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May 7, 2006
From journal The Modern Capital of Malaysia
by Asia Traveler
December 11, 2004
One note: Don't take a taxi to Batu Caves -- they'll rip you off. The bus is much more affordable. Also, a trip to the Caves can be combined with a trip to the Forestry Research Institute Malaysia (FRIM), where there is a rainforest canopy walk. Take a taxi from FRIM to the Caves (or vice versa) -- they're not that far apart.
From journal Five Days in Malaysia
October 25, 2002
Getting to Batu Caves is pretty straightforward - city buses drive past on regular basis, taxis are readily avaliable and a newly-opened LRT station nearby makes the transport a lot faster (you'll still have to change to a bus after the railway). Driving north on the Ipoh freeway will also get you to the area, or (as was our case) straight past it, if you're not observant enough. How hard is it to miss a 300-meters tall limestone rocks? Apparently, pretty easy.
The square in front of the cave steps is surrounded by small indian restaurants, shops and stalls selling religious paraphenalia, souvenirs and suchlike and covered in tourists, sellers, taxi drivers and local citizens excercising by running up and down Batu Cave stairs. A fresh drink of coconut water at the stall is an excellent idea before the climb. You can also get some excellent grub there or visit the toilets, should the need arise.
To the left of the main stairs is an entrance to a side-area, where a walkway over a pond populated by a multitude of fish and turtles leads to a small cave-temple, filled with statues of Hindi gods. A small entrance fee is charged, but the visit is well worth the money.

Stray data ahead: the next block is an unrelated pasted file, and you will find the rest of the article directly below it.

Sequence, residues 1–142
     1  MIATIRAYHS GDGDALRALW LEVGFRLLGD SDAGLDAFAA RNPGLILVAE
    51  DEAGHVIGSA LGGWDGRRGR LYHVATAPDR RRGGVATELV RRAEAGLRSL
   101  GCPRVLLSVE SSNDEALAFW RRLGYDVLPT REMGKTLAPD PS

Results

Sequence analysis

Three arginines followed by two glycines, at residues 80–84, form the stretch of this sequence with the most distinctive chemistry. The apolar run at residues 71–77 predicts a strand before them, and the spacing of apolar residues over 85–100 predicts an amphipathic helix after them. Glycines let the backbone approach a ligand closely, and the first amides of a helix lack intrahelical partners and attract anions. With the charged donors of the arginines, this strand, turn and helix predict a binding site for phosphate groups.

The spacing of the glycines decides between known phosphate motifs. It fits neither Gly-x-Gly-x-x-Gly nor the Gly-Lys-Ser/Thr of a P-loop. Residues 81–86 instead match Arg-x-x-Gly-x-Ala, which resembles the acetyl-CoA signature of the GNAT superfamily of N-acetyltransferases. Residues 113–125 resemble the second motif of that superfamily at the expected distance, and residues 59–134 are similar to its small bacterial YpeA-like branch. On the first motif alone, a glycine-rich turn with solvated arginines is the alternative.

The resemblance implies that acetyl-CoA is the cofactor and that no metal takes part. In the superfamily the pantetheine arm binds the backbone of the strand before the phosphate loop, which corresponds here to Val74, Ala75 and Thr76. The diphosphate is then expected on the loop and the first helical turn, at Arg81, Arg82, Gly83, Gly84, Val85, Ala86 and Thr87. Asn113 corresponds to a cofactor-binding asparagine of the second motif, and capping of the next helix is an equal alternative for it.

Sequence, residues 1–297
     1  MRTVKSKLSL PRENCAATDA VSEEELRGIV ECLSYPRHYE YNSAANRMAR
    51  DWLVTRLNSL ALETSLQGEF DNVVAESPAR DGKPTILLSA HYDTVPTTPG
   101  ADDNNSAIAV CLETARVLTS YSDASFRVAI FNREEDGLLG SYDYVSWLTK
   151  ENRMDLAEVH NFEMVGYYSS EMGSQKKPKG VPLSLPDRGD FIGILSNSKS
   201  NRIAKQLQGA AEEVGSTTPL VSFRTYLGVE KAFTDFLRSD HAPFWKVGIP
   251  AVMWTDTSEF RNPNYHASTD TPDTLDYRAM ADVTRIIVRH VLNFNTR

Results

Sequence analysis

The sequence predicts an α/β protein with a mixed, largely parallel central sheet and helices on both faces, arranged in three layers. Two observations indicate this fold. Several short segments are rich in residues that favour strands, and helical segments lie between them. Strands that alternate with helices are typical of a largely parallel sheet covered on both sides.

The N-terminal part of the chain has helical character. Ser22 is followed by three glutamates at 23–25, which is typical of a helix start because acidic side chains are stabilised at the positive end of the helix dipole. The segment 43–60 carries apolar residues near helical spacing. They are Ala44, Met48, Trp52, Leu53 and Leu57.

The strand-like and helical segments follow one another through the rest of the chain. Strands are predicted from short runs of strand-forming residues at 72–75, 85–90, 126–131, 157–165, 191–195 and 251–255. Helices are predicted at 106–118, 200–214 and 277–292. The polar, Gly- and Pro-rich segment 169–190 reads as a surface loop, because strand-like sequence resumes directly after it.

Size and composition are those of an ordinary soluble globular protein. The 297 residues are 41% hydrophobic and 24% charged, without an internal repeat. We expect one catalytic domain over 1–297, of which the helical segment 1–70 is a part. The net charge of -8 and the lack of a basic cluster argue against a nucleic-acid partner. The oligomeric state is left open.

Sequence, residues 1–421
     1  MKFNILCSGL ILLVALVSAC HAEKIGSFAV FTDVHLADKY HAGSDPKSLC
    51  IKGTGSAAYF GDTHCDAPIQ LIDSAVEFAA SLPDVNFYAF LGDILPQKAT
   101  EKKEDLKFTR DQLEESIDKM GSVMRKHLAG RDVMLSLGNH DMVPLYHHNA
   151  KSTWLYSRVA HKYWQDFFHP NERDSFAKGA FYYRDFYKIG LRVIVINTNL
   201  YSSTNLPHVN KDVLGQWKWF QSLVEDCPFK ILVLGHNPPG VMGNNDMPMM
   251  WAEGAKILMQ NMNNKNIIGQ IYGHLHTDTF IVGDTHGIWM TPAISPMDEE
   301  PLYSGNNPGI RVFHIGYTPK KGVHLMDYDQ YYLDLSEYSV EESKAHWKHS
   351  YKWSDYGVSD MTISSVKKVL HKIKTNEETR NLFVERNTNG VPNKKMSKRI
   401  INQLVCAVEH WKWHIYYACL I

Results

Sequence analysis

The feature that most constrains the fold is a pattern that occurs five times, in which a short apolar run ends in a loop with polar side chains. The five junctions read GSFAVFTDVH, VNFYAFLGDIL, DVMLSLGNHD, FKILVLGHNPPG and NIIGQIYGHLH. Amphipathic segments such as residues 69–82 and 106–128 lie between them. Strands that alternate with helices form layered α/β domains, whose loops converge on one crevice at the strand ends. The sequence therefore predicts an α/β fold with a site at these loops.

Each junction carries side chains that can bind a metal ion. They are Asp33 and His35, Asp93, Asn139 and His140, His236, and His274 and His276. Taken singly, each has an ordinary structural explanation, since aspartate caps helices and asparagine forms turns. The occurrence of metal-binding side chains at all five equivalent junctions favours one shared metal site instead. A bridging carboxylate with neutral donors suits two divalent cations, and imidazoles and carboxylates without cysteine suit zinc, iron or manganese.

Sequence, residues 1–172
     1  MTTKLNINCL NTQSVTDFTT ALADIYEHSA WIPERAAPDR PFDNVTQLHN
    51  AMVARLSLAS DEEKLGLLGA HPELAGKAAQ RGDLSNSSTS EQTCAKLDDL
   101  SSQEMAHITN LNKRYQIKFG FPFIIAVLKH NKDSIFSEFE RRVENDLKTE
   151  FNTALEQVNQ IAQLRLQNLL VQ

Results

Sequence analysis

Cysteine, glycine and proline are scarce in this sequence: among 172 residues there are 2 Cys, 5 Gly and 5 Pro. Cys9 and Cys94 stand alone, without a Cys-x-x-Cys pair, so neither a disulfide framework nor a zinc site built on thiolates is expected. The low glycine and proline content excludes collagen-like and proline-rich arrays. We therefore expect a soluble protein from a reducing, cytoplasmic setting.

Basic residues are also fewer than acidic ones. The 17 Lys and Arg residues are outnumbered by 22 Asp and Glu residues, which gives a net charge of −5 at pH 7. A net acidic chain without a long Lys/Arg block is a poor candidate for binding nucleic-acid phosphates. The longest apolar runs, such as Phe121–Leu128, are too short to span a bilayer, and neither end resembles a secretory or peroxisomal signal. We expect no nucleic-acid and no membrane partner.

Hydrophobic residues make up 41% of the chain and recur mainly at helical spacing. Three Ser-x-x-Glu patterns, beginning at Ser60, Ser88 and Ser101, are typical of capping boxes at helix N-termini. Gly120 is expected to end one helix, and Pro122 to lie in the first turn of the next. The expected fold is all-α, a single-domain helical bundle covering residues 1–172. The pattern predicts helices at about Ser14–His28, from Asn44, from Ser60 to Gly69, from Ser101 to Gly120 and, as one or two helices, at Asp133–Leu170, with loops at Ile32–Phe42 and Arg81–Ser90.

Standing at the bottom of the main stairs, you get an magnificent impression of the cave entrance high above you, the limestone formations reminescent in odd way of a cathedral thoursands of miles away - the Sangrada Familia in Barcelona, a masterpiece of Gaudi. This masterpiece is entirely by the free hand of nature. Climbing up, you're likely to be hustled by the local monkey population, especially if you're carrying anything even remotely edible. A crowd of pigeons stands by to finish you after the monkeys are through with your bag.
The caves themselves are to be experienced rather than read about. They're simply magnificent. The man-made constructions inside the rock cathedral are dwarfed by massive limestone columns and stalactites. Light filters through an opening high in the central cave, lending the place a weak glow and leaving you feeling utterly and absolutely insignificant.
You'll probably need that coconut drink on your way down after all.
From journal Muddy flats of Kuala Lumpur
February 27, 2002
From journal Metropol with a friendly face
by traveling mama
November 4, 2000
From journal Must see stopover-Kuala Lumpur